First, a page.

Popular destinations SPAIN
|Costa brava||Costa del sol||El hierro|
|Ibiza||La gomera||La palma|
The head of state of Spain, the "Rey de España", is the King of Spain. The King is inviolable and the responsibilities lie with the Prime Minister and his cabinet. Nevertheless, the king can exert great influence through his powers. He ratifies and promulgates laws; he convenes and dissolves the Houses of Parliament and calls elections and referendums. Furthermore, he is commander-in-chief of the armed forces and appoints and dismisses ministers.
The government consists of the prime minister or Presidente del Gobierno, possibly vice-presidents and ministers. The Prime Minister is much more powerful than for instance in the Netherlands, and can be compared to the British Prime Minister and the German Chancellor.
The representation of the people consists of two chambers: the House of Representatives or Congreso de los Diputados with 350 members and the Senate or Senado with 254 members. Each province may send two members to the Congreso, except Ceuta and Melilla. The other members are elected per province and the population size is then decisive for the number of members delegated. For the Senado, the 47 mainland provinces elect four senators each. Majorca may elect three. The Senate represents the population of the provinces as a whole, regardless of their size. This system is in the process of being abolished.
For the current political situation in Spain, see the history section.
Ibiza, together with Formentera, forms an autonomous region, one of the Comunidades Autónomas, with its own government and parliament (Spanish: Consells). Each Autónomia has a varying set of powers laid down in an Estatuto de Autonomía. Each autonomy has a regional parliament (Asamblea Legislativa), a regional government (Consejo de Gobierno), a regional president (Presidente del Consejo) and a regional supreme court (Tribunal Superior de Justicia). The regional parliament consists of one chamber from which the regional prime minister is elected.
Spain is divided into 50 provinces, the most important of which is the Diputacíon Provincial, the Provincial Council. It has between 25 and 51 members or diputados. These are elected by local councillors. The diputados in turn elect an executive, the Comisíon de Gobierno.
In 1998 there were 8097 municipalities or municipios in Spain. In municipalities with between 250 and 100,000 inhabitants, the council or Ayuntamiento has between 5 and 25 members. An Ayuntamiento consists of a Mayor or Alcalde, one or more Deputy Mayors or Tenientes de Alcalde and Councillors or Consejales.
There are still many municipalities with less than 100 inhabitants. Of all the municipalities, 86% have fewer than 500 inhabitants.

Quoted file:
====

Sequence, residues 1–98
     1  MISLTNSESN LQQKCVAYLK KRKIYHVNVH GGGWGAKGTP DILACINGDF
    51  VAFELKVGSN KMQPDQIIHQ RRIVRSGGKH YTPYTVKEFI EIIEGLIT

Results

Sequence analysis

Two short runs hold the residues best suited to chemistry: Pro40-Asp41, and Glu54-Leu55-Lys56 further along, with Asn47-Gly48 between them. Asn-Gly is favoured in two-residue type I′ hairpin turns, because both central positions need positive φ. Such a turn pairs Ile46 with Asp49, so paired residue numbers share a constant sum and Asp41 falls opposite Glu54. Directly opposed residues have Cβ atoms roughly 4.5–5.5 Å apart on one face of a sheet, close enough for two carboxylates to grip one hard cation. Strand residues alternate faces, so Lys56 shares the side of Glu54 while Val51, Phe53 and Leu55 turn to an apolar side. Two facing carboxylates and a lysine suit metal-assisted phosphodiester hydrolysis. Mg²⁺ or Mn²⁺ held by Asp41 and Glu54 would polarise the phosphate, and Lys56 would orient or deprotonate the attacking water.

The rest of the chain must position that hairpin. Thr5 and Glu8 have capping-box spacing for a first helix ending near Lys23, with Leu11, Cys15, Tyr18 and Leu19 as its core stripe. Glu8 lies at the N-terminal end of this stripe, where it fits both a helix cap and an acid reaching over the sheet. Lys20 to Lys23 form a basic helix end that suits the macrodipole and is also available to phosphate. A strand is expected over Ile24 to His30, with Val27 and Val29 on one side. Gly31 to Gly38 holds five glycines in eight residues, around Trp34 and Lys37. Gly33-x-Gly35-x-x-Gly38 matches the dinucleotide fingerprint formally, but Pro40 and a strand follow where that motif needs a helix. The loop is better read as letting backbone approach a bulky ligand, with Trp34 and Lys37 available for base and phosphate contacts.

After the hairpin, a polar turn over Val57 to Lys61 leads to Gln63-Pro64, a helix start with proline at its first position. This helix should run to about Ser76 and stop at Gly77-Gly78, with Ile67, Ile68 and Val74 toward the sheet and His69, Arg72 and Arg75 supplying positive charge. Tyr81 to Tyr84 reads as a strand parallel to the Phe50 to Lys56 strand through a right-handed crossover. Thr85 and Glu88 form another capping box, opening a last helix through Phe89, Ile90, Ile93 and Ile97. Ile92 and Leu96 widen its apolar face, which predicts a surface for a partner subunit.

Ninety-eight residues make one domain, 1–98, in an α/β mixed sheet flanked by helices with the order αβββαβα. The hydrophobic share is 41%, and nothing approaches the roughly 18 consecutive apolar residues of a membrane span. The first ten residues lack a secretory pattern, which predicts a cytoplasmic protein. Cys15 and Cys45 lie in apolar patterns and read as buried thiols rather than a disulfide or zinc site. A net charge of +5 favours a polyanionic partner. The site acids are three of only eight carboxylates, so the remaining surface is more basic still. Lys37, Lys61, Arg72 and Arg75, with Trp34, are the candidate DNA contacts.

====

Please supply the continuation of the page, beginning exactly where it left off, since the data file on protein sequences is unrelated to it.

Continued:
Sant Francesc (Xavier) is the administrative centre of Formentera and has about 1500 inhabitants.
The education system in Spain has been undergoing major changes since 1990. Primary education already works with the new system. Nursery education (Jardin de Infancia and Escuela de Párvulos) consists of a three-year and a six-year system that is not compulsory.
Primary education from 6 to 12 years ( Educación Primaria) is compulsory and free. This phase of education consists of three cycles of two years each. This is followed by compulsory secondary education (Educación Secundaria Obligatoria) from age 12 to 16. After this, compulsory education ends. The ESO has two cycles of two years after which one receives a certificate with which one can go to vocational schools, among other things.
After the compulsory education, one can continue studying for the Bachillerato that gives access to university.
Secondary vocational education (Formación Profesional Grado Medio) is not much appreciated in Spain. It lasts about two years on average and trains directly for professions.
Higher vocational education (Formación Profesional Grado Superior) and university (Universidad) are the final stages of the education system. Spain currently has 62 state universities and around 20 private universities. The University of Salamanca dates back to 1218, making it one of the oldest universities in the world.
The Balearic Islands also have a university, the Universitat de les Illes Balears, with an annex in Ibiza. The Morna International College is special, as its study programme is based on English education and lessons are therefore given in English. Children learn Spanish from the age of three and German from the age of five. Most teachers and educators have studied in England.
Mallorca & Ibiza, Menorca & Formentera
Mischke, R. / Ibiza, Formentera
Rokebrand, R. / Reishandboek Ibiza en Formentera
Sale, R. / Ibiza & Formentera
Schmid, N. / Ibiza, Formentera
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